Please use this identifier to cite or link to this item:
Full metadata record
|dc.identifier.citation||2009 Australasian Road Safety Research, Policing and Education Conference : 2009 Intelligent Speed Adaptation Conference : program & abstracts, 10-13 November 2009, Sydney, Australia: pp.359-374||en|
|dc.description.abstract||Twenty crash scenarios were developed based on actual rural road crashes obtained from an in-depth crash database. With the assistance of Robert Bosch (Australia) Pty. Ltd., the scenarios were simulated using vehicle models with and without Electronic Stability Control (ESC) fitted. In two of the scenarios, no simulation was necessary as the driver made no attempt to avoid a collision. In six scenarios, the attempt at simulation was unsuccessful. For the twelve remaining simulations that were successful, ESC was found to prevent a collision in ten cases and reduce the severity of a collision in the other two. Output plots from the simulations showing the timing and level of interventions enabled an analysis of how ESC was able to prevent or lower the severity of a collision.||en|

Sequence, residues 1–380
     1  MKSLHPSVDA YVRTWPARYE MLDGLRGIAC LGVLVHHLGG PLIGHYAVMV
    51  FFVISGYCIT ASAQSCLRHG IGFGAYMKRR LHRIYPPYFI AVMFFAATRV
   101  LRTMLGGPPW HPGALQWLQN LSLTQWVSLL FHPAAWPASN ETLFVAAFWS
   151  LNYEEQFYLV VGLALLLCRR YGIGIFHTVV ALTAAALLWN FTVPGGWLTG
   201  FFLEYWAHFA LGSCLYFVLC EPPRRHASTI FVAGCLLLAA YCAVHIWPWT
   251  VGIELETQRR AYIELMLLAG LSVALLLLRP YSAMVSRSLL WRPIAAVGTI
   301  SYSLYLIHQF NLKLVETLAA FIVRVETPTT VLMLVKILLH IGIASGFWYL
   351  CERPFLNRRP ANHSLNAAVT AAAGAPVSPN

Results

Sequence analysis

|dc.description.statementofresponsibility||J. R. R. Mackenzie, R. W. G. Anderson||en|
|dc.publisher||RTA New South Wales||en|
|dc.rights||Copyright retained by authors||en|
|dc.subject||ESC; Simulation; Rural crash||en|
|dc.title||The potential effects of Electronic Stability Control interventions on rural road crashes in Australia: Simulation of real world crashes||en|
|dc.contributor.conference||Australasian Road Safety Research, Policing & Education Conference (2009 : Sydney, Australia)||en|
|pubs.library.collection||Centre for Automotive Safety Research conference papers||en|
|Appears in Collections:||Centre for Automotive Safety Research conference papers|
Files in This Item:
There are no files associated with this item.
Items in DSpace are protected by copyright, with all rights reserved, unless otherwise indicated.